A reminder about training material for DO/EO/US

On December 10, 2019 I provided training material to the USPTO (blog article, training material) about PCT Declaration Number 4.  The idea is that a patent firm located outside the US might be trendy, modern, and up-to-date and might provide a signed inventor declaration (for later US purposes) at the time of filing a PCT application.  The idea is that perhaps 1½ or 2½ years later, when the US national phase is entered, the signed declaration of inventorship for US purposes would already be in the file!  The idea is that the formalities examiner in the DO/EO/US would take a look in the file and would pay attention to the presence of the signed PCT Declaration Number 4.

Unfortunately, all too often in recent months, we have had cases at the DO/EO/US where the formalities examiner at the USPTO fails to pay attention to the presence of the signed PCT Declaration Number 4 in our national-phase entry application file.  Just today, for example, in one of our national-phase entry applications, the formalities examiner at the USPTO mailed out an official Filing Receipt along with Form PCT/DO/EO/903 (371 Acceptance Notice) dated July 17, 2023 falsely stating that we had failed to provide a “properly executed inventor’s oath or declaration” for our inventor.

It is hoped that the USPTO will once again in 2023 provide the training materials to its DO/EO/US formalities examiners, so that they can avoid making this mistake in the future for other US national-phase applicants.

How to choose which subject for binge-watching?

PCT enthusiasts now have two subjects to choose from for binge-watching.  Just today I finished the video editing of the sixteenth webinar in the recently finished sixteen-webinar series on ePCT.  As a consequence, as of today, a PCT enthusiast may, if desired, binge-watch more than nineteen hours of webinar video about ePCT.  (You can see it here.)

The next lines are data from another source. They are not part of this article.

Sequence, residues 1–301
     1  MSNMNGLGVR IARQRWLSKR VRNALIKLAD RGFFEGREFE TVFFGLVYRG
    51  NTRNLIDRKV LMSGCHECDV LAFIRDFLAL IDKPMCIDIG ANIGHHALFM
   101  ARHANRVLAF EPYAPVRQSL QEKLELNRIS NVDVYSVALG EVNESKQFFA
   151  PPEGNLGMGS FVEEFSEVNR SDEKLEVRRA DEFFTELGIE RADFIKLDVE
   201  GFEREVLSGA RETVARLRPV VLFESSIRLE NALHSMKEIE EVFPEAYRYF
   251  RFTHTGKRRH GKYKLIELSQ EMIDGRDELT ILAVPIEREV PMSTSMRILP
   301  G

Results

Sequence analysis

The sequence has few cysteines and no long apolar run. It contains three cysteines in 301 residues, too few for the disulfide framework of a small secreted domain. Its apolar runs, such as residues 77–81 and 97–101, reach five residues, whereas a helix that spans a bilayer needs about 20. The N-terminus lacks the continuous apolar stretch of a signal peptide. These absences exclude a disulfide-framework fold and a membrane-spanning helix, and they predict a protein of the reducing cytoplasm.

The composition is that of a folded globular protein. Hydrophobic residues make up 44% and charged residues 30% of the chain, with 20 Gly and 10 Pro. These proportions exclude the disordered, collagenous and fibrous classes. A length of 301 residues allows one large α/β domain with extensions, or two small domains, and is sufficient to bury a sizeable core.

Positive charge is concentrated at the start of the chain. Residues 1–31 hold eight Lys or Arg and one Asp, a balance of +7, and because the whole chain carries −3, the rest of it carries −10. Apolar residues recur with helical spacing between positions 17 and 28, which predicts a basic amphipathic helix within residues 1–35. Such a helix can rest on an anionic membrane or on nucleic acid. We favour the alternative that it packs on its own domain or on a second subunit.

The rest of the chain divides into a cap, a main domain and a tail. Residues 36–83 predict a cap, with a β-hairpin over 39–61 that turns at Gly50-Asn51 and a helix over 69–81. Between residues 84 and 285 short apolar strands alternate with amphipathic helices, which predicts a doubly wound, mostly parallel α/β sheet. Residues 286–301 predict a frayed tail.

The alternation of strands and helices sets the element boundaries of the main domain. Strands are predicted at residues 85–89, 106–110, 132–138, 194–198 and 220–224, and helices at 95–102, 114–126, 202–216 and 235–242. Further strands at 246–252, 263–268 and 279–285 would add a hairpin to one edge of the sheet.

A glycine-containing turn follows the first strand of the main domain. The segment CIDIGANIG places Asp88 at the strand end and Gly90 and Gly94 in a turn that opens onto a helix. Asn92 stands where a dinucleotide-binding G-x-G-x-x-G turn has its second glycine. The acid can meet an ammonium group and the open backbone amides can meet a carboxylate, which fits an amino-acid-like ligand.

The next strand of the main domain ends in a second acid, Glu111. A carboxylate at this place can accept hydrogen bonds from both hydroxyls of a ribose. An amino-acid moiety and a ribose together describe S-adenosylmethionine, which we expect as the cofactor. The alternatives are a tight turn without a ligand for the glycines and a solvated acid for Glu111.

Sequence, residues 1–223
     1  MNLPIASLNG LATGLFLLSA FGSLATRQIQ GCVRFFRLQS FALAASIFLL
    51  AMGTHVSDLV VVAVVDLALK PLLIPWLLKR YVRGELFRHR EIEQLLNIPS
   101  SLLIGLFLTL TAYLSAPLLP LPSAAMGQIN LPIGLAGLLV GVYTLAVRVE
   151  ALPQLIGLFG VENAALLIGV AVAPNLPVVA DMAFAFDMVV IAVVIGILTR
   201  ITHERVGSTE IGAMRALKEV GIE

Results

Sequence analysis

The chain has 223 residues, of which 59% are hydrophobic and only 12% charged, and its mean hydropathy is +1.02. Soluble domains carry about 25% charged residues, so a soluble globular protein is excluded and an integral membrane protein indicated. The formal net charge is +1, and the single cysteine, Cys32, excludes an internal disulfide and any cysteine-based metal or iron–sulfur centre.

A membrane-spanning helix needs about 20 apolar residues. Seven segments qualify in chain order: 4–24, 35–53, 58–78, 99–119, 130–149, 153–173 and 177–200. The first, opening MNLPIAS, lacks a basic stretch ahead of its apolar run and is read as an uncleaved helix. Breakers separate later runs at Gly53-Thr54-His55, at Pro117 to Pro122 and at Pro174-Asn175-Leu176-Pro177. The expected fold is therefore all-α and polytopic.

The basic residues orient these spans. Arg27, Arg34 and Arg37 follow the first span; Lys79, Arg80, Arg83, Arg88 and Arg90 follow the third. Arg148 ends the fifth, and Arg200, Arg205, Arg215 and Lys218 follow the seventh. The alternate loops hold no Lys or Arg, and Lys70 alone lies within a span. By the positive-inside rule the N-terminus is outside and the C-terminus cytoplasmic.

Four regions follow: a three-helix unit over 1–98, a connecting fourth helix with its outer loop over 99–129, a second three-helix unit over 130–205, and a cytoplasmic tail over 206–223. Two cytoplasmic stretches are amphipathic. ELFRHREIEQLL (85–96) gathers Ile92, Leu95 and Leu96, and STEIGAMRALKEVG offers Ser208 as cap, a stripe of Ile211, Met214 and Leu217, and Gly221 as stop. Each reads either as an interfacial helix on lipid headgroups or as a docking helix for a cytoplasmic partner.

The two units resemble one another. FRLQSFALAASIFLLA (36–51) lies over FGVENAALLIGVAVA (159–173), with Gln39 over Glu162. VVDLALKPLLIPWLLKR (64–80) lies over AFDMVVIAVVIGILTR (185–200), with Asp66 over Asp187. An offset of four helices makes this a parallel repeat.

This parallels the over fourteen hours of webinar video about PCT (as distinguished from ePCT) that are available for binge-watching here.  Yes, the PCT enthusiast has not one but two subjects available for binge-watching.

Learn how to receive ISA/EP correspondence electronically rather than by postal mail

Do you sometimes pick ISA/EP when you file a PCT application?  Is it a source of frustration that the communications from ISA/EP arrive only slowly, via postal mail, rather than electronically?  Would you like to learn how to set things up with an electronic EPO mailbox so that you can receive your ISA/EP communications electronically instead of by slow postal mail?  Continue reading “Learn how to receive ISA/EP correspondence electronically rather than by postal mail”

Recordings of many recent ePCT webinars are now available

I am by now part way through a series of sixteen webinars about the ePCT system.  Thirteen of the webinars have been presented, and there are three more webinars that you can register for (click here to register).  We were successful in recording the first thirteen webinars and the recordings have been edited into presentable form and have been posted for viewing.  So if you missed any of the first thirteen webinars, you can view the recording.  Here are the topics and links for viewing the thirteen recordings that have been posted so far. Continue reading “Recordings of many recent ePCT webinars are now available”

Who would find these four webinars to be of interest?

click to purchase